Testing The Default WordPress Sitemap

Using Firefox to read the default WordPress sitemap.xml is not working well for me. For some reason, Firefox keeps waiting for the end of the file, but it never comes.

“Transferring data from ferodynamics.com…” and the loading icon keeps going forever.

I’m wondering if this a bug in WordPress that nobody noticed, because typically PHP will exit after a certain (short) period of time. However, because my stack is configured for larger files (like videos) I don’t have PHP configured to timeout and die after a few seconds. Could this be fixed with a custom Nginx setting? Maybe.

Regardless, the sitemap does download in Firefox, you just can’t see anything unless you press F12 and look at the Network tab.

I decided to use wget (from a Linux terminal) and that works fine, which makes me feel better, because most robots will be using something like wget, not Firefox.

Did I find my latest blog post in the sitemap? The answer is no. This seems like a bug. Or some kind of caching delay.

wp-sitemap-posts-page-1.xml seems to work fine. But where are the posts?

Next I tried view-source:https://ferodynamics.com/wp-sitemap-posts-post-1.xml in Firefox and that showed my first post from last week, but not my new post. Hey, we are making progress! I reloaded the URL again and like magic my new post appeared in the xml.

I don’t know all of the details, but it sounds like Google contributed some or all of this code. I think it’s safe to say Google knows more about sitemaps than Yoast. In the past, I would never recommend using a (backend) sitemap from Yoast, or anyone else. But since WordPress added this functionality with help from Google, I’m going to change that recommendation.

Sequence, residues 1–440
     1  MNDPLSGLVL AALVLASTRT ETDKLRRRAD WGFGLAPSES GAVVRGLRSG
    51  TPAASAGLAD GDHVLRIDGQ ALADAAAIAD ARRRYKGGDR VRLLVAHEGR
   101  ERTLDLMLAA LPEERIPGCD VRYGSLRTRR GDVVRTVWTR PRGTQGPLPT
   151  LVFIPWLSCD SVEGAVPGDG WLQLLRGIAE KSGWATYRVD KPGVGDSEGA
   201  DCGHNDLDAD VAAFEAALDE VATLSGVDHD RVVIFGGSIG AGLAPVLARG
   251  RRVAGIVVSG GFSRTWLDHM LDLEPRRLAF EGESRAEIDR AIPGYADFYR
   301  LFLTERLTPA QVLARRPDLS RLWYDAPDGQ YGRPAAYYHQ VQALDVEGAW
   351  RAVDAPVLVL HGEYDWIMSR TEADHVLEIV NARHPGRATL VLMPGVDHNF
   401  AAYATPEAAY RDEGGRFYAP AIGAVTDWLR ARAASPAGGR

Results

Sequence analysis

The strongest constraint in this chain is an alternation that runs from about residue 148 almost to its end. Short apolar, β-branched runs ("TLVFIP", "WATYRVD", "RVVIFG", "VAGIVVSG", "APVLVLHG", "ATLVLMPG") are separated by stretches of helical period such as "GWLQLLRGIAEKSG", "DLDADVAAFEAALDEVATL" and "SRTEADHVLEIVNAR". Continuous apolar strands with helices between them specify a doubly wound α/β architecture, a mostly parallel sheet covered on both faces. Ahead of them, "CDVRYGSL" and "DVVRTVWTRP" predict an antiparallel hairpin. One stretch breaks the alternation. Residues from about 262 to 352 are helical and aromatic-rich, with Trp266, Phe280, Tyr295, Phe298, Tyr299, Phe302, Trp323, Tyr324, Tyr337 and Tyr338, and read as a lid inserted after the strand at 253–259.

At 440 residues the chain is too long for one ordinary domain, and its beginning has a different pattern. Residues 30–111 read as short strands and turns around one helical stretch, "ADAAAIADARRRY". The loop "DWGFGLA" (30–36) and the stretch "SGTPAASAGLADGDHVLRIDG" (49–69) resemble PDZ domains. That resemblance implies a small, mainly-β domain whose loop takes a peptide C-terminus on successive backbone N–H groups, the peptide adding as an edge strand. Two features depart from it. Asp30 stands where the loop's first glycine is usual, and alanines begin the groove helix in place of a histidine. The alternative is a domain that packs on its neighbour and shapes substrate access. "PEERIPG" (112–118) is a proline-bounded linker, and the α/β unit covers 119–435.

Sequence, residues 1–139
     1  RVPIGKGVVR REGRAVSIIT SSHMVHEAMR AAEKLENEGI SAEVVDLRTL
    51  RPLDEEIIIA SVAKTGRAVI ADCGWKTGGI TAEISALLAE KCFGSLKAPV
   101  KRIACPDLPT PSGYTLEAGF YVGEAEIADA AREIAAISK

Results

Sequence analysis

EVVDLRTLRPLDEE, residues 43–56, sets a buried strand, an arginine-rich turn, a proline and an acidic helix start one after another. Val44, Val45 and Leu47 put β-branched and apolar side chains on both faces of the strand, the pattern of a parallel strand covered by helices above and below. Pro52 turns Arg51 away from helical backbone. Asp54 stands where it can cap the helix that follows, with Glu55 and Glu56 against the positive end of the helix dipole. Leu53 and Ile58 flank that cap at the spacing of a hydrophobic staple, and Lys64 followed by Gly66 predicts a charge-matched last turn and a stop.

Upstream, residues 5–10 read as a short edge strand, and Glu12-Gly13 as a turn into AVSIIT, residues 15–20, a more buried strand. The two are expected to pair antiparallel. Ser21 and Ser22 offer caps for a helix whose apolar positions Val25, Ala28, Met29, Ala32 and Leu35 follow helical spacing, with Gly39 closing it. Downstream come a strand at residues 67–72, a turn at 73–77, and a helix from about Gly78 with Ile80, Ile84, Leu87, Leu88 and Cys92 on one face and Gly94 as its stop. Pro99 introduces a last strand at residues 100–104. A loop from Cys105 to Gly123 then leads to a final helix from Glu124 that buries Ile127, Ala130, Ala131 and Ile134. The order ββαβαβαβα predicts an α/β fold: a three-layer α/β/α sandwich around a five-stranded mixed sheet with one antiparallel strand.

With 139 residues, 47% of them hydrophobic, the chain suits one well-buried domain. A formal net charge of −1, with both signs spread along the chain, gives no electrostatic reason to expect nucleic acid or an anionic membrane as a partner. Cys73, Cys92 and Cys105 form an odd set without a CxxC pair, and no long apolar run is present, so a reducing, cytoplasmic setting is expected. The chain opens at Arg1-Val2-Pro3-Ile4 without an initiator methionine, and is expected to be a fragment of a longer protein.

After a lot of investigation, I’m finally convinced the default WordPress sitemap (added in WordPres 5.5) works correctly, and according to my conversation with Pascal Birchler, this code was already tested to work with large blogs. Hence the number at the end of these .xml files.

The main advantage here, in my opinion, is you get to show off your taxonomy (categories and tags.) Whereas without a sitemap, maybe you were trusting your theme to reveal that information to search engines, and some themes don’t show the current category, or tags.

Does the default WordPress sitemap validate? Yes and no. I tried two validators. One failed, one did not. Also I’m confused about the “xsl:variable” code in the wp-sitemap-index.xsl. What is that all about? But it doesn’t seem like a big deal, I will look into that another time.

Leave a Reply

Your email address will not be published. Required fields are marked *